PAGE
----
The Clark County Historical Museum welcomes Humanities Washington speaker Fern Renville to the History on Tap stage with “American Democracy’s Indigenous Roots and Future” at the Kiggins Theatre on Sept. 29. Doors open at 6 p.m. and the event begins at 7 p.m.
The Haudenosaunee Confederacy’s Great Law of Peace—uniting six Indigenous nations in an alliance that predates the American Constitution by centuries—served as a powerful example to men such as Benjamin Franklin, who benefited from the political guidance of Haudenosaunee leaders. Franklin directly cited the law’s influence on the Constitution. But even Franklin did not comprehend the political and spiritual power held by the clan mothers of these matriarchal societies. Join Renville as she shares stories both mythic and personal that highlight Indigenous female power and leadership in America. Renville is a Sisseton Wahpeton Dakota, Omaha, and Seneca-Cayuga storyteller, theater director and playwright. She is the great-granddaughter of Seneca matriarch Melinda Cayuga.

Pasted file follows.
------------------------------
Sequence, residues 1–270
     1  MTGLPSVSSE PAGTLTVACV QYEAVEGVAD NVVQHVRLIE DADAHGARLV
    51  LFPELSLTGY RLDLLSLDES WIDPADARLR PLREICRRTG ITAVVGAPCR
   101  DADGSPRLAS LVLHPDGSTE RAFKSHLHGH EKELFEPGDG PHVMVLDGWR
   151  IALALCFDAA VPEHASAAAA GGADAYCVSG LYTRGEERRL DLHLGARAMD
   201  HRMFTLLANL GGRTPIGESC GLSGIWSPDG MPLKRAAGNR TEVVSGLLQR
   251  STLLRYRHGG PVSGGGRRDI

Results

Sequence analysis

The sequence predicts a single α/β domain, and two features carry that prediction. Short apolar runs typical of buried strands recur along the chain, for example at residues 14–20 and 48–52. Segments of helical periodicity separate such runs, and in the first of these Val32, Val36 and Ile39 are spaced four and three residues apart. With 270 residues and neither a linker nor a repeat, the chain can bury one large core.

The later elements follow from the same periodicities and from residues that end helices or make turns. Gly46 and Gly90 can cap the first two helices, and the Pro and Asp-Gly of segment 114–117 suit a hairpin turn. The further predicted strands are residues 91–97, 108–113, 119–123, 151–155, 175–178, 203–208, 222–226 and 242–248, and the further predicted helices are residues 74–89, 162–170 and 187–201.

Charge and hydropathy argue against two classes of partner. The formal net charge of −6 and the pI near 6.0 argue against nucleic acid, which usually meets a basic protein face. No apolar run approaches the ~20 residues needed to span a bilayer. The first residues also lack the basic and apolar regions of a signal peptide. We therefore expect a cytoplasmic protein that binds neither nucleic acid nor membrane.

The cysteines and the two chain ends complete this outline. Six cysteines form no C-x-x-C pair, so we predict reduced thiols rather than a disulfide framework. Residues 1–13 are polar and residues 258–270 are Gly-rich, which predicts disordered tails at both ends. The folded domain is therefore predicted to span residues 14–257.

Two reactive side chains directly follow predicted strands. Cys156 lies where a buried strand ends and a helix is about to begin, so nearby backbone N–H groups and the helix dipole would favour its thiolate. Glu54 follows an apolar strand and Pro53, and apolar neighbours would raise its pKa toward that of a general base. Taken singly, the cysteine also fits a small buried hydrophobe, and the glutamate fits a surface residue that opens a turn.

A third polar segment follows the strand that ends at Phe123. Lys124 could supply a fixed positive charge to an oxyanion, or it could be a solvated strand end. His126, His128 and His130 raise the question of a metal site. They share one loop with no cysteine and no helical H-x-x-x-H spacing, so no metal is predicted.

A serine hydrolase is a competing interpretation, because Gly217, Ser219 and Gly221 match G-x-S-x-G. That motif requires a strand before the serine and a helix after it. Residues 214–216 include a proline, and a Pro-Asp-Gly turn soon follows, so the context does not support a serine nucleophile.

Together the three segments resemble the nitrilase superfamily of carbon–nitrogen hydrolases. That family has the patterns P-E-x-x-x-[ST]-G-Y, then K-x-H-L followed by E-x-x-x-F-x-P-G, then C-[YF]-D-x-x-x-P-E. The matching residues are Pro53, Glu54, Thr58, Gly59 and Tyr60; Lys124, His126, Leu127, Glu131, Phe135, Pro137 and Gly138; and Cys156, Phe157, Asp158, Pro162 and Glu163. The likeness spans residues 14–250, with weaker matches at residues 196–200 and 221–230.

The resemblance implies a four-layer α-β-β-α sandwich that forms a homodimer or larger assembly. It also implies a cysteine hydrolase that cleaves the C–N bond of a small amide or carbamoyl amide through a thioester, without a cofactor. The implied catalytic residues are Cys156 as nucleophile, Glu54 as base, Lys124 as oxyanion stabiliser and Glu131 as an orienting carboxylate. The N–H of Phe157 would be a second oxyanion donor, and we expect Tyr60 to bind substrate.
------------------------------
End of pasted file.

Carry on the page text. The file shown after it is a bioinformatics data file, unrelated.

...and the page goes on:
The evening will include History and a Lie, where audience members try to figure out which tidbits of history are true and which ones are fake. The evening will also feature a segment of Clark County trivia. Admission to History on Tap is $15 in advance, $18 at the door. Tickets can be purchased at the Kiggins Theatre Box Office or online at www.kigginstheatre.com. For more information, contact the museum at 360-993-5679 or email@example.com.